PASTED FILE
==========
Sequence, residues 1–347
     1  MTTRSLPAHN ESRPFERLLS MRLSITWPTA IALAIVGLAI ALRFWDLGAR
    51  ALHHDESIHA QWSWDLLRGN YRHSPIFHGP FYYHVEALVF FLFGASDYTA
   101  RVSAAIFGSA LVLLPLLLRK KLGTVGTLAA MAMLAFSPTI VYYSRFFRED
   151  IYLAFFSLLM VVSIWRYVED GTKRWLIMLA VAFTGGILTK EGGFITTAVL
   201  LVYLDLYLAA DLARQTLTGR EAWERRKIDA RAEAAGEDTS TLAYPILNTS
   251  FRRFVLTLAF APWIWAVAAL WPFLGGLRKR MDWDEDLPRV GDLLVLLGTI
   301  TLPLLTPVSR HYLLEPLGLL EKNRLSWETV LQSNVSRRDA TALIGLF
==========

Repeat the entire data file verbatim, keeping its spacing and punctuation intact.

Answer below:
Sequence, residues 1–347
     1  MTTRSLPAHN ESRPFERLLS MRLSITWPTA IALAIVGLAI ALRFWDLGAR
    51  ALHHDESIHA QWSWDLLRGN YRHSPIFHGP FYYHVEALVF FLFGASDYTA
   101  RVSAAIFGSA LVLLPLLLRK KLGTVGTLAA MAMLAFSPTI VYYSRFFRED
   151  IYLAFFSLLM VVSIWRYVED GTKRWLIMLA VAFTGGILTK EGGFITTAVL
   201  LVYLDLYLAA DLARQTLTGR EAWERRKIDA RAEAAGEDTS TLAYPILNTS
   251  FRRFVLTLAF APWIWAVAAL WPFLGGLRKR MDWDEDLPRV GDLLVLLGTI
   301  TLPLLTPVSR HYLLEPLGLL EKNRLSWETV LQSNVSRRDA TALIGLF